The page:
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Housing Affordability is Emerging as a Big Issue This Election. Is Anybody Going to Fix the Problem?

Vague promises on affordable housing and focus on subsidizing home ownership aren’t enough to help renters, housing experts say

Over the past two weeks federal party leaders have made big promises on housing, all pledging to tackle the housing crisis that has caused an explosion in rents and home prices over the past decade.

While Justin Trudeau’s Liberals have pledged to build 100,000 new “middle-class” homes in the next five years and Erin O’Toole’s Conservatives have promised one million new homes in the next three years, neither party has clarified how many of those homes would be available to renters — or if they would be affordable.

Alex Hemingway, a senior economist and public policy analyst with the Canadian Centre for Policy Alternatives, said that while the new focus on increasing the supply of housing was encouraging, both the Conservative and Liberal platforms fail to address affordability for renters.

“The Conservative platform is zeroed in on the issue of supply but it has virtually nothing to say about dedicated affordable housing, which is essential to easing the crisis facing renters,” Hemingway told PressProgress.

The Liberal party’s platform nods to affordable housing, but the party has a mixed track record on building housing that is actually affordable for working class people.

Only the NDP has provided a concrete number on affordable housing, committing to building 500,000 units over the next ten years, though they don’t specify how many of those units will be publicly owned.

But Hemingway says even the NDP’s promise won’t go far enough to meet the full scale of the housing crisis.

Hemingway stressed that though many housing policy decisions are made at the municipal and provincial level, the scale of the housing crisis begs action from all levels of government.

“I think one of the biggest things the federal government can and should be doing on the housing file is to be making a massive investment, putting major dollars on the table to increase the construction of non market publicly funded affordable housing,” Hemingway said.

“If you break that down just proportionally by population and divide by 10 years, in BC that’s going to be about 6,500 units per year, which will be a big step up from the status quo, but the research we’ve done suggests that Metro Vancouver alone needs 10,000 units a year of dedicated affordable housing,” said Hemingway.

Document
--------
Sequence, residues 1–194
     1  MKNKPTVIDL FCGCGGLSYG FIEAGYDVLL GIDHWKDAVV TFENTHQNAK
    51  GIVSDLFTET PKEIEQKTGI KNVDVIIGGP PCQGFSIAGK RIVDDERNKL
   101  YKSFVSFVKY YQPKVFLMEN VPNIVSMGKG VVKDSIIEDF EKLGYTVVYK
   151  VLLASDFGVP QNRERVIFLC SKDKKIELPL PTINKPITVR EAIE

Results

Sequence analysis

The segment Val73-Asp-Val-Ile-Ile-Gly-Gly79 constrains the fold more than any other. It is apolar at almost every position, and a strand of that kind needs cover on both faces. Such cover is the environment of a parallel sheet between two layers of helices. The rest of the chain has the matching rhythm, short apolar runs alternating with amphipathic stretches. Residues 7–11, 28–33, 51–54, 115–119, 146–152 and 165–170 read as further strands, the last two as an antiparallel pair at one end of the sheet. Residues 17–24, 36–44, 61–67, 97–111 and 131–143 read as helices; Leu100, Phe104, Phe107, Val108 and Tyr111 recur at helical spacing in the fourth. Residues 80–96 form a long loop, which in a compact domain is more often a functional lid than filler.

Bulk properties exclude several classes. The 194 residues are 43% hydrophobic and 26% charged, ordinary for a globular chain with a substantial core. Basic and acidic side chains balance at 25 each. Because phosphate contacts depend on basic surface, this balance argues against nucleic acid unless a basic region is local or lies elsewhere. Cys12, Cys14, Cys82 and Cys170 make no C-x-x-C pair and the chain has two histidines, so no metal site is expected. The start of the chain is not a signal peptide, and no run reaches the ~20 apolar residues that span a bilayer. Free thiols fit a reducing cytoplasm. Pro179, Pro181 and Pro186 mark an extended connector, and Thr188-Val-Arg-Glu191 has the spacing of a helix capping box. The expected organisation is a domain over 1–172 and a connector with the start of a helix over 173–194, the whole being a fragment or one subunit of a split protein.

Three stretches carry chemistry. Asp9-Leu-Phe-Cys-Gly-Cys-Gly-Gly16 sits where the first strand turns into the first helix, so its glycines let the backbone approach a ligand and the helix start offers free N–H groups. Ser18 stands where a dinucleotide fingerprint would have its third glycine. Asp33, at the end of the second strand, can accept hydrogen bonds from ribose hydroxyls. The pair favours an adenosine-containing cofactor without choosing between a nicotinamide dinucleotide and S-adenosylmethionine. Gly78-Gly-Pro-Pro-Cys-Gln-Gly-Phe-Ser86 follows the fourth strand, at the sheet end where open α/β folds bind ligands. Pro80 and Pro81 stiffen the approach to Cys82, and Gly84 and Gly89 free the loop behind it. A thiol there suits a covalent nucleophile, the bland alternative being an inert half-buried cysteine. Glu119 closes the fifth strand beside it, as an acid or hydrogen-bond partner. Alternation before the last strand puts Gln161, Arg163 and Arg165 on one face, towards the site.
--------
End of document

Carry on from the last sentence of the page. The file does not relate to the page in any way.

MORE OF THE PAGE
The demand for non-market rental housing is reflected in waitlists for social housing, which in many cities run into the tens of thousands. As a result, low-income renters wait for years, sometimes decades, to access housing that is proportionate to their income.

These impacts are disproportionately felt by women, people of colour and Indigenous people, who are all over-represented in public housing.

Stuart Smith, a housing advocate with Abundant Housing Vancouver, thinks that a more targeted approach is needed.

“When we talk about non-market housing, we often throw out these numbers — 50,000 or 100,000 — and I think that that’s the wrong angle. The right angle for non-market housing is the waitlist,” Smith told PressProgress. “The right amount of non-market housing to build is as much as it takes to bring the waitlist in every neighbourhood in Canada to zero.”

Hemingway said that something all three platforms do is prioritize the needs of potential home buyers by easing access to mortgage credit. While this may seem like a helpful policy on an individual basis, because Canada’s housing supply is constrained, it risks pushing housing and rental prices even higher.

“The more money people are able to bring to the table to bid on housing with their mortgages, the more expensive housing is going to get, so each platform is guilty of inflating demand in that way,” Hemingway explained.

The NDP has promised to help low-income renters by offering an additional $5,000 to renter households in need. While Smith sees any effort to support low-income renters as a positive step, he said he is concerned about the longevity of the NDP’s proposal.

“The subsidies that we offer for ownership tend to be structural and invisible, whereas payments to low-income renters are always going to be vulnerable to being cut,” Smith said.

An example of the structural subsidies that benefit homeowners is the capital gains tax exemption on primary residences, which allows homeowners to sell their home and not pay tax on the profits.

Hemingway explained that this subsidy contributes to Canada’s lack of rental housing by making it more lucrative to develop available land as owned housing rather than rental housing.

“We have painted ourselves into a very difficult corner, politically, as a society by creating this massive divide between one significant segment of the population that does have its chips down on housing ownership and another major segment of population that’s on the outside of that housing market, suffering from high rents and not enjoying those big gains and this is a really tricky problem to solve,” explained Hemingway.

Though governments are hesitant to address the divide between renters and homeowners, Hemingway says one way to level the playing field is to make substantial investments in affordable housing, and tax capital gains on principal residences over $500,000.

“That would be one modest step to pulling back on some of these big subsidies in a way that’s maybe more palatable or realistic.”



Correction: An earlier version of this article indicated the Conservative Party is proposing to build one million homes in 10 years. In fact, the Conservative platform provides a time frame of three years.


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